The Garden City Police Department has reported that it is investigating a dozen fraud cases emerging in the midst of the Coronavirus pandemic. Imposters are filing claims for unemployment benefits, using the names and personal information of people who have not filed claims. It has been determined that some scammers are using information from old data breaches of private or government agencies. As of June 30th, the Department has investigated 12 cases of this fraudulent activity.
Commissioner Jackson states claimants should never:
- Post screenshots of their claim or their claim status on social media;
- Provide their Social Security number or unemployment benefit claim number to people on social media who offer to help resolve their issues;
- Agree to pay a private firm or individual to file for unemployment insurance benefits on their behalf (the social security department does not charge a fee for filing a claim); or
- File a claim in a crowded setting where someone may “shoulder surf” and steal your data by looking over your shoulder.
According to Commissioner Jackson the indications that someone has used your information to claim benefits include: receiving information in the mail from the Department of Labor about a claim you did not file, or your employer receiving notice of an unemployment claim filed in your name. All unemployment fraud should be reported since unemployment benefits are taxable income.
If this happens to you, it means someone is misusing your personal information, including your Social Security number and date of birth. All victims should act promptly by following these steps that can help you protect your finances and your credit:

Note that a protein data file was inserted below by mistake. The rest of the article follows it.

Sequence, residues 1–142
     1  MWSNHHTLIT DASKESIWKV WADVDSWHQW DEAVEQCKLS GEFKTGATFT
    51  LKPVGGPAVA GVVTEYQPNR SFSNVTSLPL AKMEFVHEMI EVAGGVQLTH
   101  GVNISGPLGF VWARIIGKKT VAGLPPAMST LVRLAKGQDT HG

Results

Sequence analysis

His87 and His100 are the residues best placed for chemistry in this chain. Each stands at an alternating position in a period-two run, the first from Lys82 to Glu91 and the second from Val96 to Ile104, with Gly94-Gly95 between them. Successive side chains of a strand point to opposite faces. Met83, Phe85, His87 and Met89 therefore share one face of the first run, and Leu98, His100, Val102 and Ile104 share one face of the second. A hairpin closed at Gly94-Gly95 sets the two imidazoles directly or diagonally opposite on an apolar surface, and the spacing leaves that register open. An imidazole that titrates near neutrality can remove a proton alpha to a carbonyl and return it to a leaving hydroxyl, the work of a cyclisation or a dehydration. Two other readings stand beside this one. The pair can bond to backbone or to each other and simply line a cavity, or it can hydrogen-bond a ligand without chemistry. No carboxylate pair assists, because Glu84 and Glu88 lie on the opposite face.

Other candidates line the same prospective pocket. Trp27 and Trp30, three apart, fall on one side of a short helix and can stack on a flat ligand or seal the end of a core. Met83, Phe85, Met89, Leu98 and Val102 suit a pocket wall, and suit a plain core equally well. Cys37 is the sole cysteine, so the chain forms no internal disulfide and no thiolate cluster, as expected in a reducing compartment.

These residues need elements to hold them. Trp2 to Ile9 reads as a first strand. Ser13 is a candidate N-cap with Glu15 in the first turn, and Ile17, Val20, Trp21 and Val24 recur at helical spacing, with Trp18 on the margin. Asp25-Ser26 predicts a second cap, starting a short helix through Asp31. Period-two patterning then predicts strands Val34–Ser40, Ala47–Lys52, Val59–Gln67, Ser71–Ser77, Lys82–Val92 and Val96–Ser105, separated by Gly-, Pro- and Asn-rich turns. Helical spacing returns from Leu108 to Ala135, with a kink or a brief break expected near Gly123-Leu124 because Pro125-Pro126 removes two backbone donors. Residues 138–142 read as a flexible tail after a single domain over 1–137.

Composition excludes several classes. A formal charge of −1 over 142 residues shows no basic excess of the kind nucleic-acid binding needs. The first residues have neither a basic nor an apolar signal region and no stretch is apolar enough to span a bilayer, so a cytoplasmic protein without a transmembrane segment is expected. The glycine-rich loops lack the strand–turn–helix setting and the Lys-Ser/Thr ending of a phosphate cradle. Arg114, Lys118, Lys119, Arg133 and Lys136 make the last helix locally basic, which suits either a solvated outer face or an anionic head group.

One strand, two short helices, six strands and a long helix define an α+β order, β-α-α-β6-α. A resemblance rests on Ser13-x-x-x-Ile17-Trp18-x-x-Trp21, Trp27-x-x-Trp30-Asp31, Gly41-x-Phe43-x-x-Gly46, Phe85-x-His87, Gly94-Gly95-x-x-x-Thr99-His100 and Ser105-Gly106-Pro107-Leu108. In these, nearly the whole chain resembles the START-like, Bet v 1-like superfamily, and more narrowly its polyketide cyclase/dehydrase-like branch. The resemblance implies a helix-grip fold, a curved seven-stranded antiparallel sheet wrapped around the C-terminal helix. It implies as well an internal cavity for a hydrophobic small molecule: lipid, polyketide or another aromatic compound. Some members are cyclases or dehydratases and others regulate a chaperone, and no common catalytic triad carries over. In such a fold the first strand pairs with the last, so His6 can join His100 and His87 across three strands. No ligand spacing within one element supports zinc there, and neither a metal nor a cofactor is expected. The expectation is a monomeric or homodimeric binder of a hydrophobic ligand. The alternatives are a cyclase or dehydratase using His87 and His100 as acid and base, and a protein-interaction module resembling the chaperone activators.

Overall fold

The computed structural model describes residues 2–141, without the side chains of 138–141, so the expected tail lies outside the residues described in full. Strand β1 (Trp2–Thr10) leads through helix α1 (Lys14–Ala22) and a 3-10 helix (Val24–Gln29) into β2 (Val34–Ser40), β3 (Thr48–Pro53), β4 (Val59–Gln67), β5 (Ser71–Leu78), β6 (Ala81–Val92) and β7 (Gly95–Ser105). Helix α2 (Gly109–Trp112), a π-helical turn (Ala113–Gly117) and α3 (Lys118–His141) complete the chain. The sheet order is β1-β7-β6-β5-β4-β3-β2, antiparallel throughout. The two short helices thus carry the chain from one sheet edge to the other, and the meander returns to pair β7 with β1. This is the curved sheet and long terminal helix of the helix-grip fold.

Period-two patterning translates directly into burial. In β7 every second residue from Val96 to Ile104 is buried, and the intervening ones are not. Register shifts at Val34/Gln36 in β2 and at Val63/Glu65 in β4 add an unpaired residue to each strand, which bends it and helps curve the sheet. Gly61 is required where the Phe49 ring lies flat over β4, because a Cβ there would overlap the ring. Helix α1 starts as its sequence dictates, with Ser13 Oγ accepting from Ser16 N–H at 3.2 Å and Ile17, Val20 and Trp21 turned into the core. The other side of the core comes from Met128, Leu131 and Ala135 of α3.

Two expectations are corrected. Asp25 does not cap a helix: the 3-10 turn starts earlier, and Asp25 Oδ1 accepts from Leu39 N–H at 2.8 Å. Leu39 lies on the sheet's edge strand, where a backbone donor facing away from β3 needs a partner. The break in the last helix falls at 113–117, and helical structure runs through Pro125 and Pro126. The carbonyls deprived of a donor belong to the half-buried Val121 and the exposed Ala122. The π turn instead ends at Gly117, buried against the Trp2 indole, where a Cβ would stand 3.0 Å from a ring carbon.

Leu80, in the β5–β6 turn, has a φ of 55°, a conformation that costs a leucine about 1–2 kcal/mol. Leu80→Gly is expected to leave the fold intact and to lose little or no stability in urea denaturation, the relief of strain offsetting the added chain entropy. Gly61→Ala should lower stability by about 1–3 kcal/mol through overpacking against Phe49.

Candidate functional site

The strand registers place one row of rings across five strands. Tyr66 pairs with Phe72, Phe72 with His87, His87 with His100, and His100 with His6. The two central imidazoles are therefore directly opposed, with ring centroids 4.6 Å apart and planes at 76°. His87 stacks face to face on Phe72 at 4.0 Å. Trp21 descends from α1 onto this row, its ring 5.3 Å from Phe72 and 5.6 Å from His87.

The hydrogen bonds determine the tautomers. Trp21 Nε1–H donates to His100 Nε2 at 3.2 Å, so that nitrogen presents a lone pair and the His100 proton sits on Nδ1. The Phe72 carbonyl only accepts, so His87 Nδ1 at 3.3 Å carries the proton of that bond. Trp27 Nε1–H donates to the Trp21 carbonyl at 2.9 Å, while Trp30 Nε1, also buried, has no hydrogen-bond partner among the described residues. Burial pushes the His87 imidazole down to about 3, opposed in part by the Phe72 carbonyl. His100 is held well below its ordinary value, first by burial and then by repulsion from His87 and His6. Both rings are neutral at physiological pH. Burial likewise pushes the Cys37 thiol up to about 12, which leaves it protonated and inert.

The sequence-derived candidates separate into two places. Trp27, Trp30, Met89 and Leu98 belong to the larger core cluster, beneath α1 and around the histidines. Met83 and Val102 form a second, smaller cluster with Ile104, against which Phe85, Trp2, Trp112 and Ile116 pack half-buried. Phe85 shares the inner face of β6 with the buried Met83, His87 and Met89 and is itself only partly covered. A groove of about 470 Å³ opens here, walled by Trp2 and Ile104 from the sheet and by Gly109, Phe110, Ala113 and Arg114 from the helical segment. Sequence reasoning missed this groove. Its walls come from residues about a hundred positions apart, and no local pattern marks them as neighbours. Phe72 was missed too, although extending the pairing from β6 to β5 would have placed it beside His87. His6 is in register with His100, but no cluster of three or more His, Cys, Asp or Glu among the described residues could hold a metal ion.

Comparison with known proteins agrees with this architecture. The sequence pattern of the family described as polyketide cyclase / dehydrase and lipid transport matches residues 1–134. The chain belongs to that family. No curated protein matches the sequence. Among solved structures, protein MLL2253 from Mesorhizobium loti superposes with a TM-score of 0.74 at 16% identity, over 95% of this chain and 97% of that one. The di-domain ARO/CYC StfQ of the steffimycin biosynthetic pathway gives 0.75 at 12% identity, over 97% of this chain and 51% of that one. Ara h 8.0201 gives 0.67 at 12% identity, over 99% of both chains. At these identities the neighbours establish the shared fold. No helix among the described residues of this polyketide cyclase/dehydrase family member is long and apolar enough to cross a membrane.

- Contact your employer’s HR Department;
- Contact the NYS Department of Labor by calling (888) 209-8124 or emailing www.labor.ny.gov/agencyinfo/report-fraud.shtm;
- File a police report with the Police department;
- File an identity theft complaint with the Federal Trade Commission at www.FTC.gov;
- Report the activity to the credit bureaus (Experian, Equifax, Transunion), and place a fraud alert or credit freeze;
- Keep notes for future reference.
- If you get benefits you never applied for, report it to your state unemployment agency and ask for instructions. Do not respond to any calls, emails, or text messages telling you to wire money, send cash, or put money on gift cards. Government agencies will never tell you to repay money that way. Anyone who tells you to do those things is a scammer.
Commissioner Jackson states the Garden City Police Department’s Detective Division is working with the United States Secret Service in the investigation of fraudulent unemployment applications.